When you're shopping at Trader Joe's, Whole Foods, or any other supermarket with a floral section, it's tempting to scoop up whatever blooms are on sale. A little greenery livens up the room, right? This is what stylists do to "finish" a space, right? You're all over it. Then you get home and it slowly sinks in: You have no idea what to do with these flowers to make them look as chic as the ones you see scrolling Instagram.
Start with Your Space—and Vase.
Know where you want the flowers to go: Are you looking for a grand statement for your living room, kitchen or dining room? Or do you want something smaller, for a sweet little surprise in your powder room or on a nightstand in your bedroom?
Knowing how much space you need to fill can help you figure out the size and shape of the flowers you should be buying. (And, just because you've got a lot of real estate to fill doesn't mean you have to go with a massive centerpiece—a dining table looks just as stunning with a cluster of five or six small, drinking-glass-sized bouquets down the center, like the $6 bunch of mums in the video above.)
When you can buy bouquets of single flowers at the supermarket, do it—just know that in general, you'll need at least two bouquets to get a truly lush arrangement.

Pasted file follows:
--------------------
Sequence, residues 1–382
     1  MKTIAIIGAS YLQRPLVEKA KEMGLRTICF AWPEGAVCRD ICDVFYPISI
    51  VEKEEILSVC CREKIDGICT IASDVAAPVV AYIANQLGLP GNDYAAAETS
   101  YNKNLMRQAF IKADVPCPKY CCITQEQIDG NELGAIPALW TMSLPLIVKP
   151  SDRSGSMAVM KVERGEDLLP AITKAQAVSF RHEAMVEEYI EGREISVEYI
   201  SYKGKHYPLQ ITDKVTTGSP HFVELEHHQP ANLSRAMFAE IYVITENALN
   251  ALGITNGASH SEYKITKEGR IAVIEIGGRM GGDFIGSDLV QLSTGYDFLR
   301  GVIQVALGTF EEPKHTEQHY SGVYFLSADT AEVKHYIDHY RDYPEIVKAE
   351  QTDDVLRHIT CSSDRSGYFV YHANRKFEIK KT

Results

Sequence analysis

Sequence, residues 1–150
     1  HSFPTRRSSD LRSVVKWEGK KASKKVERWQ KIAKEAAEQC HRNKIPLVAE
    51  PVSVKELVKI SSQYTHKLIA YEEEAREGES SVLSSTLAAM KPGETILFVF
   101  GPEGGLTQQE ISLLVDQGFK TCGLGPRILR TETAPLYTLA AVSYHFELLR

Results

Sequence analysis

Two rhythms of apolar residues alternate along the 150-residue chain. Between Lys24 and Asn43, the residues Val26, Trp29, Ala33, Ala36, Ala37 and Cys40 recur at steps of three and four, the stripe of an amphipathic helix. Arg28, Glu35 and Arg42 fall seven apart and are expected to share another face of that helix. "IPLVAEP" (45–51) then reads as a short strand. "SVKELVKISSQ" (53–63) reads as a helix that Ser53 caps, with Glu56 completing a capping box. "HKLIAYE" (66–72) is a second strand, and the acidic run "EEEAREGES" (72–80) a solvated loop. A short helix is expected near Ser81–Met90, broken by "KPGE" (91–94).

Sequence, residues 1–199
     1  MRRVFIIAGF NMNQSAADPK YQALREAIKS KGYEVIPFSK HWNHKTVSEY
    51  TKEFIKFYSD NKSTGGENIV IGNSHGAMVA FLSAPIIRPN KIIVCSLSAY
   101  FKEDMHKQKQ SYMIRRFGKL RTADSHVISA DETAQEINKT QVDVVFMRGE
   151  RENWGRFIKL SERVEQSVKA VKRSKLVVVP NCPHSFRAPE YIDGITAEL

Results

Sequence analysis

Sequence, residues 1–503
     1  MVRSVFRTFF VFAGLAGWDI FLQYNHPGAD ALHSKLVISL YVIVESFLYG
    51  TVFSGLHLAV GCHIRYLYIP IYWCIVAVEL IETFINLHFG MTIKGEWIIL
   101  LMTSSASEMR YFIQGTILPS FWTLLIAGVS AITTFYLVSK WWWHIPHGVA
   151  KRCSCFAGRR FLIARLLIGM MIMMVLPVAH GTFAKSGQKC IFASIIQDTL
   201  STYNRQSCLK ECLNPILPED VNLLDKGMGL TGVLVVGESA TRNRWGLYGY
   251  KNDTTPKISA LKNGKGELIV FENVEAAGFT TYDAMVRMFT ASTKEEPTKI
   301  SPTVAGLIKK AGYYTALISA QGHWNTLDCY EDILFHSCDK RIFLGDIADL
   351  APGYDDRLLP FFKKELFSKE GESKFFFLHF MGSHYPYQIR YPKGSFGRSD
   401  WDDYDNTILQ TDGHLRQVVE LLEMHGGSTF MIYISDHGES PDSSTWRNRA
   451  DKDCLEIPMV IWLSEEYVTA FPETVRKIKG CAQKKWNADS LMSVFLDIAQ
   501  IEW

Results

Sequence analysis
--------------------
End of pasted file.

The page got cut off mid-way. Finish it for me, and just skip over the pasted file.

Attract Two Opposites.
Single-flower arrangements are a safe bet, but if you're really looking to make an impact, choose the same flower in three colors. Or, even better, choose one flower that's soft and fluffy, and one that's exotic and spiky.
"Together, they look like fireworks," House Beautiful Style Director Robert Rufino says of the combo of hydrangeas and veronicas he chose. "That unexpected combination makes them stand out even more."
Size Them Up.
Hold the stem next to the vase before trimming it. If you're using a pitcher and you want a loose, romantic look, let the bud stand about 3 to 4 inches taller than the vessel. For shorter, tighter-packed arrangements, trim it about 1 to 2 inches taller than the vase. "I like to leave tulips tall, so they can open up and do their own dance," Rufino says. "That way, they look freshly picked from outside."
When working with mums and other small flowers, Rufino uses a drinking glass instead of a standard vase—he'll be the first to tell you he brings a $2.50 CB2 glass to every shoot—and starts layering the flowers, starting low around the perimeter and building up toward the center. "You want to form a little ball shape," he explains.
Ultimately, the best way to improve your flower-arranging skills is just to buy a couple bouquets and have fun with it. Sure, your first go may look wonky, but the more you play around with it, the more you'll get a sense for the way the blooms fall and the heights of your vase. You've got this.
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